The Business Divorce: Split Up of a Closely Held Business in Texas
Owners of closely held companies have many things to manage. From problematic relationships and business owner disputes to regulatory compliance, shareholder oppression, and risk management, there are many potential pitfalls. When owners part ways, even in closely held companies where things have been going smoothly, the process can be highly complex.
As a business law and litigation firm that handles matters from formation to the finalization of company operations, Hendershot, Cannon & Hisey, P.C. understands how challenging a business divorce can be. In addition to potential problems, we know owners in closely held corporations also have much to do to protect their rights, interests, and future endeavor when they terminate ownership interests, and split a business up.
Closely Held Businesses: Reasons for a Business Divorce
Closely held businesses come in many different forms. Whether it’s a professional practice, a retail or service-based business, or another type of company, not every business will always pan out or have the same partners. In cases where resolutions aren’t reached, a business divorce may be necessary.
Business divorce, which refers to any business partner break up, may be precipitated by a number of factors, including:
- Partnership and shareholder disputes
- Personal events (i.e. marital divorce, family break-ups, disability, death)
- New ventures, mutual separation
- Inactive business partners
- Disagreements, partner departure, etc.
- Business litigation / liability
- Business owner bankruptcy
As partners and co-owners confront major disputes, oppression, or issues that compromise their ability to continue operating or working together, due diligence and skilled legal representation becomes critical – for limited partnerships, limited liability corporations (LLCs), and any corporate structure. Aside from impacting any close personal relationships among business partners, a split up can significantly alter a company’s core vision and ability to function, and a partner’s professional future, when handled improperly.
Dividing a Closely Held Company in Texas
The objective in any business divorce is to reach reasonable resolutions among parties as efficiently and effectively as possible. In addition to standard matters, unique issues, disputes, and industry concerns can complicate further complicate how that objective is achieved.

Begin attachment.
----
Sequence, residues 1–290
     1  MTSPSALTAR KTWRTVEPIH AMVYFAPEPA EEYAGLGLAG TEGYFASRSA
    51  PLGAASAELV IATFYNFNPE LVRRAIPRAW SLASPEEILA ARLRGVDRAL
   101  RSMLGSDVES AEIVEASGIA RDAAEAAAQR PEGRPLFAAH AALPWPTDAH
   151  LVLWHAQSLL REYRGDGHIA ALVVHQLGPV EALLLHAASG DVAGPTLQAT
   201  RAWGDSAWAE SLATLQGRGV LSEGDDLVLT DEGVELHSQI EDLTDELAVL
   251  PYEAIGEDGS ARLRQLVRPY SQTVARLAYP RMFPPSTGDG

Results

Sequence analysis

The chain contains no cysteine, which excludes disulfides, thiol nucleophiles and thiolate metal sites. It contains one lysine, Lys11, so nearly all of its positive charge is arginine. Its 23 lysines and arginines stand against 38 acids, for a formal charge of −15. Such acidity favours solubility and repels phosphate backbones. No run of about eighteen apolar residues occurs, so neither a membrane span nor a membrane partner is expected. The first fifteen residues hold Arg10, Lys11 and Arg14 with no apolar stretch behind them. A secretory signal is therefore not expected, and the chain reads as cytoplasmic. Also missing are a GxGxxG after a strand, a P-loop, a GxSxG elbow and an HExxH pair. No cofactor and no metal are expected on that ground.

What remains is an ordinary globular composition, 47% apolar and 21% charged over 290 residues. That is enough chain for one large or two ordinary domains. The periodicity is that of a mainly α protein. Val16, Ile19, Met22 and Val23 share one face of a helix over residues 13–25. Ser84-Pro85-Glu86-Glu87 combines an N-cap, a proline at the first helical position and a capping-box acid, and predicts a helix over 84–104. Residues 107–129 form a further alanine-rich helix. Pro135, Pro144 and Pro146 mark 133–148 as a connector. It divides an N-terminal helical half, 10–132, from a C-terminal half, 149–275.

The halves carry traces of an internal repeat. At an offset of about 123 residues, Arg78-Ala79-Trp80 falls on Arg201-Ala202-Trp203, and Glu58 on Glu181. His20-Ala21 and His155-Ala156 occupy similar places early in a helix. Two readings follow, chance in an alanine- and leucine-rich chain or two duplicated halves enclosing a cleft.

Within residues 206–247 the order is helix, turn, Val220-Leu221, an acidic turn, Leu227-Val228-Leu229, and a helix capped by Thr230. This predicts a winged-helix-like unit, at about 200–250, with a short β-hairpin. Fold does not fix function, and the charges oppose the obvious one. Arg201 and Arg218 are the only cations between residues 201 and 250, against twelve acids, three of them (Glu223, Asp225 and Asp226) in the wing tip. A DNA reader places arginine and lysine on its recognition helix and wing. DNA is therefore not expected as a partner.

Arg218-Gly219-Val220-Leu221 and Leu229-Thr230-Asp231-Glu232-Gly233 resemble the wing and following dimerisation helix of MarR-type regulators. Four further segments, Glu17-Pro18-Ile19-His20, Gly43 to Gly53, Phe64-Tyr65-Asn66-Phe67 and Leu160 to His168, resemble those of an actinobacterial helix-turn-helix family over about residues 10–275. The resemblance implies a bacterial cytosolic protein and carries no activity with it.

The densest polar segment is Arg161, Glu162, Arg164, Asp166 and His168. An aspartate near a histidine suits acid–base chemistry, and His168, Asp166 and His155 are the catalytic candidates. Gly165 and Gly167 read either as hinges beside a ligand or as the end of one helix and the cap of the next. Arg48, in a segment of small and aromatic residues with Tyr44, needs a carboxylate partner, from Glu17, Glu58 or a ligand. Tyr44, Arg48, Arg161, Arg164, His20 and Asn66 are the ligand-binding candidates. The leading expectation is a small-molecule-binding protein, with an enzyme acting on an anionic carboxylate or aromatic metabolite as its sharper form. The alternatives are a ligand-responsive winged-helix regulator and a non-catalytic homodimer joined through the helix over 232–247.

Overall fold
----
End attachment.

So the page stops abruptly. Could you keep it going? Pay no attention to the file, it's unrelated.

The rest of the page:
Common issues to address when dividing a closely held business include:
- Business valuation to determine the value of a partnership or corporation, which may require the use of expert appraisers;
- Forensic accounting and investigation into key business aspects / assets;
- Tax issues and maximizing benefits;
- Ownership of trade secrets and intellectual property
- Employee relationships, contracts, and other employment law matters;
- Minority shareholder rights and laws regarding shareholder oppression;
- Drafting and negotiating terms for co-owners;
- Handling / resolving outstanding contracts or litigation association with a company’s operation;
- Complying with applicable regulations and industry laws (i.e. health and medical law regulations when dividing a medical business);
A business divorce can play out in many ways, which is why exploring available options with the help of experienced attorneys is crucial. Some of these options may include:
1. Negotiated Resolutions
- Buyouts and negotiated sale conditions which address payment type, sinking funds / cash on hand, ownership interests, and confidentiality, etc.
- Business dissolution and “winding up” proceedings (voluntary dissolution)
2. Buy-Sell Agreements / Contracts
- Enforcing or navigating terms of established contracts and agreements, including partnership and shareholder agreements and buy-sell agreements which address valuation method, procedures, right of first refusal, death clauses, retirement / disability, forced buy-out clauses, etc.
3. Squeeze-Out Reorganization
4. Shareholder Oppression / Deadlock
- Bringing individual claims to resolve disputes or derivative actions on a company’s behalf
- Seeking appointment of a provisional director, custodian, or receivership
- Seeking injunctions to stop certain actions and resolve disputes
5. LLC Break-Ups
- Dissolution and tax, licensing, permit, debts, and contract implications
Preventing Disputes Before the Business Divorce
Many people enter into closely held businesses in similar ways to entering into a regular marriage: optimistically and ill-prepared. Because an ounce of prevention is worth a pound of cure, partners and co-owners should take steps to prevent disputes, minimize risks, and protect their rights and interests before any separation or talks of separation actually take place.
When assisting new partnerships and start-ups, our firm helps clients explore proactive options that can ease disruption and devastation when disputes and business divorces arise. These include protections like:
- Shareholder & Partnership Agreements
- LLC Operating Agreements
- Business Buy-Sell Agreements
- Proper Entity Selection
- Copyrights, Trademarks, and Intellectual Property Protections
- Licensing or Technology Development Agreements
- Non-Compete / Non-Solicitation Agreements
- Confidentiality Agreements / NDAs
- Work-for-Hire Agreements
Whether or not your closely-held company has contractual protections in place or not, Hendershot, Cannon & Hisey, P.C. has the depth of experience and resources to help clients across Texas and beyond effectively navigate their business divorce. Call (713) 909-7323 or contact us online to speak with a lawyer.